I also add 2 teaspoons of sugar to it when I need a quick post-workout recovery drink. I used to use chocolate milk (often called the poor man's recovery drink) because it has almost the ideal ratio of easily digestible carbs to protein (4:1). I was out of chocolate milk one day and gave vanilla milk a shot (but with the added sugar to make the 4:1 ratio)--and it's fabulous. However, I only add the sugar for the post-recovery drinks, and Splenda for other times of the day.

Regemeretrix 6 years ago

Like the vanilla milk idea!

Whydoit 6 years ago

I think the vanilla milk idea not a good idea and it is like playing with fire. I find it easier to go cold turkey away from junk food, sweets milk shakes etc. Once you get away from those and start eating healthy your taste buds change and you really start liking things that at first you did not like (eg vegetables, water. skim milk, diet soda) If you have ever switched from 2% milk to skim at first it tastes like you are drinking water and most people dislike it but give it a week and you will get use to it and it will seem normal and that same 2% milk will seem too rich. Same is true with diet soda. Trying to find the same taste you currently have in an unhealthy diet like milk shakes and trying to replace it with a similar taste though healthier to me is like switching a drug addict to from heroin to methadone. It is playing with fire.

Lindsey79 6 years ago from CA Author

I guess we're going to have to agree to disagree on this one, whydoit. What makes milkshakes so bad for you is the cream/fat and the sugar. The milk is actually quite good for you. I'd think the vanilla is neutral. So if you can have a healthy version of something that still tastes good, I see no harm in it. I think you can eat well and still have food full of great flavor -- you just have to learn how to do it (and have the time to do it). I imagine that's largely what celebrity chefs provide for their clients -- great tasting food that is also very good for them.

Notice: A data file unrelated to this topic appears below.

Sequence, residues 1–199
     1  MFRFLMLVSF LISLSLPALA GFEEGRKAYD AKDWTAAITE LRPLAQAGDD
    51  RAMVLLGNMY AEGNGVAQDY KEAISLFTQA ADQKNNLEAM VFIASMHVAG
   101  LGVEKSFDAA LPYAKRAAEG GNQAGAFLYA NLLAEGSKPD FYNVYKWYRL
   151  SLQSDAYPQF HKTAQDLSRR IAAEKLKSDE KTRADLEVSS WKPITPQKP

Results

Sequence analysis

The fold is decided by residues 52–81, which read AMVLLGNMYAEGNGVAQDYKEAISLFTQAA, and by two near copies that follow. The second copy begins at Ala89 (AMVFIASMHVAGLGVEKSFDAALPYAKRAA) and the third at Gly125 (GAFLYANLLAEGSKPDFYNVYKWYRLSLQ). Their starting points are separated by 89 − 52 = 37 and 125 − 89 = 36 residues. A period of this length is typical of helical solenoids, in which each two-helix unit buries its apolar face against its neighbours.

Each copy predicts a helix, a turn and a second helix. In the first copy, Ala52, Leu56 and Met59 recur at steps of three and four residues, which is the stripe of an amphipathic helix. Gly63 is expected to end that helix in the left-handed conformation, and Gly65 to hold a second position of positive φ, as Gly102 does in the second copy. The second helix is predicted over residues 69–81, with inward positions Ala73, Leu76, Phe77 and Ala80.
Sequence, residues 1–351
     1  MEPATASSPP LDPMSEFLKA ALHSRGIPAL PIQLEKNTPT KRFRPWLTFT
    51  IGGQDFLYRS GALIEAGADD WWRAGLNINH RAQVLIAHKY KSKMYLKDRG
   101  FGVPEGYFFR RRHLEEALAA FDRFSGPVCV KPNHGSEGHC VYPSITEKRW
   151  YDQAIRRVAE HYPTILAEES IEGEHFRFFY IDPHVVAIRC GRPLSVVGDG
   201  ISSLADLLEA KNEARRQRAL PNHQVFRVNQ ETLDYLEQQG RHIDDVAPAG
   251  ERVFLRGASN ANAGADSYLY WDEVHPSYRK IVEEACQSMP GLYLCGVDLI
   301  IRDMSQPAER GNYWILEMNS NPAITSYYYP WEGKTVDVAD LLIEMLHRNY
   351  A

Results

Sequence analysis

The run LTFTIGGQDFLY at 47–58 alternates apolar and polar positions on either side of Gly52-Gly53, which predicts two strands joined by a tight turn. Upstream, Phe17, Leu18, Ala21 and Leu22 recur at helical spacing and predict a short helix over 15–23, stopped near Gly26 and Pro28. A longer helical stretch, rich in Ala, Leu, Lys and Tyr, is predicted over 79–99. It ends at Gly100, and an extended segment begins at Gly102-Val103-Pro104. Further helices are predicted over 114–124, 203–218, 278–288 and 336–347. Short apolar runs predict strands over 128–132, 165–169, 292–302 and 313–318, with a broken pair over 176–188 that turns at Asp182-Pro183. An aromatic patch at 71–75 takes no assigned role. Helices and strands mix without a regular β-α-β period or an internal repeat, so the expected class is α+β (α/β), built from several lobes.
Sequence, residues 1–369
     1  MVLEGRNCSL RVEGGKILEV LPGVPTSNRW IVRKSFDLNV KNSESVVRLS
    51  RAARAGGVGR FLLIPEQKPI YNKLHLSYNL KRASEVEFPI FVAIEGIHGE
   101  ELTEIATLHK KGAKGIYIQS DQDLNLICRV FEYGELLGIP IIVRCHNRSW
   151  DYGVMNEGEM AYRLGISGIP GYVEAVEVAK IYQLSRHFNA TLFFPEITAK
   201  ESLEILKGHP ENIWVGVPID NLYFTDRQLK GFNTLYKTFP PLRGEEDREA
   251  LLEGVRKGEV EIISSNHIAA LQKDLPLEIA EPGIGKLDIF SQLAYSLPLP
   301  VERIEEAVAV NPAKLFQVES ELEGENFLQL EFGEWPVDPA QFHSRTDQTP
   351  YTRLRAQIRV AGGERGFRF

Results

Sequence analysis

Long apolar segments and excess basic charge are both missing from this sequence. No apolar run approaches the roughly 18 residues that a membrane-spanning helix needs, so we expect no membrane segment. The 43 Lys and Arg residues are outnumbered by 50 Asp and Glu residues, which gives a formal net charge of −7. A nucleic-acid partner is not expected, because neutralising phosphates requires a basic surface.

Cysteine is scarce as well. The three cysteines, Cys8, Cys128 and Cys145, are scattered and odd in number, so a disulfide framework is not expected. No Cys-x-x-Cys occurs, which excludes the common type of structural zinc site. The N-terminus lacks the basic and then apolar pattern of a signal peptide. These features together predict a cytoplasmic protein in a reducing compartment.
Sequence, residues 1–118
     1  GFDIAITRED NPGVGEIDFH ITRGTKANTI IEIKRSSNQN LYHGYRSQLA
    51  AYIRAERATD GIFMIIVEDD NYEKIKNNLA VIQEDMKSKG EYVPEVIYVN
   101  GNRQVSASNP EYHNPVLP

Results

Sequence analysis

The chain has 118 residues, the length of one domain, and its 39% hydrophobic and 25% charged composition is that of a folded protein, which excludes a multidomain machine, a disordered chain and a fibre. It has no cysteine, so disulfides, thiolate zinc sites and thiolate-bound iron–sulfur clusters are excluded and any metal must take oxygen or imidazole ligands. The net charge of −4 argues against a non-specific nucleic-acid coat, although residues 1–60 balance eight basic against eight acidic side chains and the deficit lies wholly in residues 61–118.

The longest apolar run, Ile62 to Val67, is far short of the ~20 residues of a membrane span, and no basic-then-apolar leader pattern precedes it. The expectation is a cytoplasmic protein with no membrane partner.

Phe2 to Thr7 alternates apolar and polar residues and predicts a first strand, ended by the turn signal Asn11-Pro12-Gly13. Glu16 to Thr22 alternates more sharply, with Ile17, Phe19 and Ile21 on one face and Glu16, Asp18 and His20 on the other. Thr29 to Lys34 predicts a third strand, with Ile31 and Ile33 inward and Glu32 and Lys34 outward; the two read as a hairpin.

The place where I would agree with you is substituting artificial sweeteners for sugar. Although the research is far from conclusive, there have been studies out there that show that this can actually hurt you by giving you a false sense of sweetness causing you to actually eat more carbs/sugar later in the day to achieve the actual carb boost. That's one of the reasons I try to stay away from such things as a general rule (I also just prefer natural things to artificial) -- partially why I'm not a big fan of diet soda and whatnot.

But I also realize that, for me at least, a cold turkey approach just isn't realistic. Studies have also shown that complete deprivation can be more damaging in the long run because it leads to binges. So instead of having a cookie once in a while, you deprive yourself of them for weeks and then finally breakdown and gorge on 20. I'm a big believer in everything in moderation (although I obviously haven't practiced that nearly as well as I should have), so for me, that's my approach. Others may prefer a more spartan, cold turkey approach. I think it depends on the person and their preferences. This is one of those areas where there are multiple paths up the mountain and both can work equally well depending on the individual -- find out what shoe fits you, and wear it well.